This one is straighfforward: (25 mM)(starting volume in μl) = (1.5 mM)(50 μl). Solving for the starting volume gives 3.0 μl.
You need to do a unit conversion: (10 mM)(starting volume in μl) = (200 μM)(50 μl). I would convert the 200 μM final concentration to 0.2 mM. Answer 1.0 μl.
(10 μM)(starting volume in μl) = (1.0 μM)(50 μl). Answer:  5.0 μl for each of the two primers.
Taq polymerase
This one isn't a concentration, it's an amount. For enzymes "Units" means units of activity, or enough enzyme to catalyze a reaction at a certain rate. In this example, you need 1.25 Units of Taq per reaction. Solve it as a conversion: 1.25 Units(1 μl/5 Units) = 0.25 μl.
Once you’ve figured out all the other ingredients, calculate how much water you’ll need to bring the volume up to 50 μl (including template). You need to calculate the amount of water last, but it's listed first in the table because you usually add it first because it's a large volume. It would be difficult to start out by pipetting a tiny amount into an empty tube.
For this example, the volume of water would be: 50 μl – (10.0 μl buffer + 3.0 μl MgCl2 + 1.0 μl dNTPs + 5.0 μl forward primer + 5.0 μl reverse primer + 0.25 μl Taq polymerase) – 10  μl template = 15.75 μl water. The total volume includes the template, even though it's not part of the master mix.

Now that you've figured out these amounts, don’t pipet each ingredient separately into each PCR reaction tube; instead, calculate the amounts for the master mix and then prepare that.

Calculate the amounts for the master mix

The master mix will contain everything but the template, so for each reaction you'll need 40 μl of master mix and 10 μl of template DNA. You'll want to make enough master mix for all your reactions. In principle, for the example shown here, you would be tempted to multiply the calculated (one tube) amounts by 4. However, if you do that, you'll probably run out of master mix, so it's always wise to make a little extra. In our lab, we just make enough master mix for one extra reaction. If you're doing 4 reactions (N = 4), you'd multiply your amounts by 5 (N+1). In this example, that would be 50 μl of buffer, etc.

Put these multiplied amounts in the right column; those are the amounts you'll pipet into your master mix. Notice that there's no template in the master mix; don't multiply the template amount by N+1, because each template is separate.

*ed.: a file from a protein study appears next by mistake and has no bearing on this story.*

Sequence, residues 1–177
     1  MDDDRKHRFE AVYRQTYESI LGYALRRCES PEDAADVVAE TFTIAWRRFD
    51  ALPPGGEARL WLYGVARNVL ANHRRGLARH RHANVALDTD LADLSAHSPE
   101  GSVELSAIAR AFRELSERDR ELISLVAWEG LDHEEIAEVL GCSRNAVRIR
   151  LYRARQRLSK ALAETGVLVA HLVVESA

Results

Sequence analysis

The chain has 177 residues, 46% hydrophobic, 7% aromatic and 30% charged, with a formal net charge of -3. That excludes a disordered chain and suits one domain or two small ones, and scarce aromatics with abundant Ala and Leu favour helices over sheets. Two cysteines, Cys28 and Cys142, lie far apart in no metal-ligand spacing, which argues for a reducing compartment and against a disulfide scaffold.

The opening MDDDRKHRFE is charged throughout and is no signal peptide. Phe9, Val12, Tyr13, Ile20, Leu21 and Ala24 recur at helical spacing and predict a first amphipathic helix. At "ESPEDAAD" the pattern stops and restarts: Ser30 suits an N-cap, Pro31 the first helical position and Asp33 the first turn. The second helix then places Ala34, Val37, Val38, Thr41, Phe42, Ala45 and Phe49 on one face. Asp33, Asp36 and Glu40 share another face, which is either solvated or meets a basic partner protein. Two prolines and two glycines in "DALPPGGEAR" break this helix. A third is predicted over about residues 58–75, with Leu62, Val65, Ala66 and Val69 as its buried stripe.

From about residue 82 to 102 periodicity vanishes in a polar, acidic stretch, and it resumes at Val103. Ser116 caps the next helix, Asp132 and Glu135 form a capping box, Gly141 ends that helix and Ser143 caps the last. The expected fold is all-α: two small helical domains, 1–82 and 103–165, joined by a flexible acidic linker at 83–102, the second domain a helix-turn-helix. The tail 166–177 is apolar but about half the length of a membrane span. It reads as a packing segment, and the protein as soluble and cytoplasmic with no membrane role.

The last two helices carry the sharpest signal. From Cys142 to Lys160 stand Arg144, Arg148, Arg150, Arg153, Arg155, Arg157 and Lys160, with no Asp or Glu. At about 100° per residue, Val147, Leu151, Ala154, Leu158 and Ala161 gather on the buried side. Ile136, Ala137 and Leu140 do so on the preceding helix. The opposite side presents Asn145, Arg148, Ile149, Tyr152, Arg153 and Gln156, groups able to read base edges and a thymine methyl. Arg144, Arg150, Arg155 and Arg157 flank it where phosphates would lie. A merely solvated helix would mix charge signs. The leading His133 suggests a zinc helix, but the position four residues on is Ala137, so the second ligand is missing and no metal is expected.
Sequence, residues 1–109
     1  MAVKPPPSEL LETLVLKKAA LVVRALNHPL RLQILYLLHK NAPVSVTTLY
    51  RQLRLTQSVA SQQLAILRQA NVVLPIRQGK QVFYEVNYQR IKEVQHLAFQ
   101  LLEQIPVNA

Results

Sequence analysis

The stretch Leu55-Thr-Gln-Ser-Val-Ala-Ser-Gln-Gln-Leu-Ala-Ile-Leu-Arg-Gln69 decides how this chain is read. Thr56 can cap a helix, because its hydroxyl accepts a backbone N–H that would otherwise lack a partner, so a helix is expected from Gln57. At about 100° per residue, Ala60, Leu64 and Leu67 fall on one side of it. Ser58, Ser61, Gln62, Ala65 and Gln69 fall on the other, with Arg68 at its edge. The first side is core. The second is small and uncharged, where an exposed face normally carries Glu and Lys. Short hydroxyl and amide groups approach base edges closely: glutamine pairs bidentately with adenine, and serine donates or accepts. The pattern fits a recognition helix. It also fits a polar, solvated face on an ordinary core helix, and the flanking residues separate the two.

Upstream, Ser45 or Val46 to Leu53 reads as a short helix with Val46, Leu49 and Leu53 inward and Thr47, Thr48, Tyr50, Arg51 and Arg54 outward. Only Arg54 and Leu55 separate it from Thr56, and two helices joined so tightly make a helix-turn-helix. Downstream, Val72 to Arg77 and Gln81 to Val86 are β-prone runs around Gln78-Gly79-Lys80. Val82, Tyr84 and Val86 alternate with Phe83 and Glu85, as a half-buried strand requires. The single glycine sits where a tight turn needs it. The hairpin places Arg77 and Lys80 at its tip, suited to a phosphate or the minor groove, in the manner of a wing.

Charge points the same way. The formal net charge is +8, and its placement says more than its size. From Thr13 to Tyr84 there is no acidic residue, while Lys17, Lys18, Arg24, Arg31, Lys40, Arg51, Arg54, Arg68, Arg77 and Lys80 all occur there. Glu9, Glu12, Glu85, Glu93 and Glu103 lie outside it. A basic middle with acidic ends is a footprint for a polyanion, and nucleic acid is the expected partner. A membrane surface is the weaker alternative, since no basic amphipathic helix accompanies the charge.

The total volume of cocktail in this case would be 40 μl x 5 = 200 μl. Make sure your individual amounts add up to the correct total. In this experiment, each tube will get 40 μl of cocktail and 10 μl of template DNA

Why we calculate it this way: some students are tempted to skip the one-tube calculations and directly start calculating the cocktail amounts. The calculatioin almost always ends up wrong, because the final volume for calculating concentraitons must include the template, but the template isn't part of the master mix.

Once you've done all the calculations, you need to think about how to properly handle all the PCR components. Read all the instructions below before making your cocktail!

Tips for setting up the reactions

It’s essential to follow some simple rules as you set up the reactions:

  • Keep everything cold. Keep all the ingredients (except the water), the master mix, and the PCR tubes tubes on ice.
  • Keep the Taq polymerase enzyme on ice. The enzyme should stay in its dedicated ice buckets throughout the lab; we'll pas around the bucket with enzyme. Only take the enzyme tubes off the ice for the time it takes you to pipet the enzyme. This shouldn’t take you more than 10 seconds.
  • Add the ingredients in the order listed in the table above. You’ll have to figure out the water last, but you should add it to the tube first. Add the enzyme last. The enzyme could be denatured if you add it before you add to an incorrect buffer solution, so it must go in last.
  • Never use a pipet tip twice –change tips every time. This prevents cross-contamination.
  • Keep all the ingredients in the bottom of their microfuge tubes, and mix each one with the pipet tip as you take it out. You need to see the tiny drop of liquid come out of the tip and mix with the ingredients already in the tube.
  • Make sure the master mix is thoroughly mixed before you pipet it into your PCR tubes.
  • Once you've prepared your master mix and pipetted it into the PCR tubes, stop. Don't add the DNA template until the instuctor tells you, because we're all going into the same PCR machine and need to start at the same time.

References & further reading

 How to: PCR Calculations and Quick Tips for PCR from Seeding Labs.

How to set up a PCR. Video from Synthetic Biology One.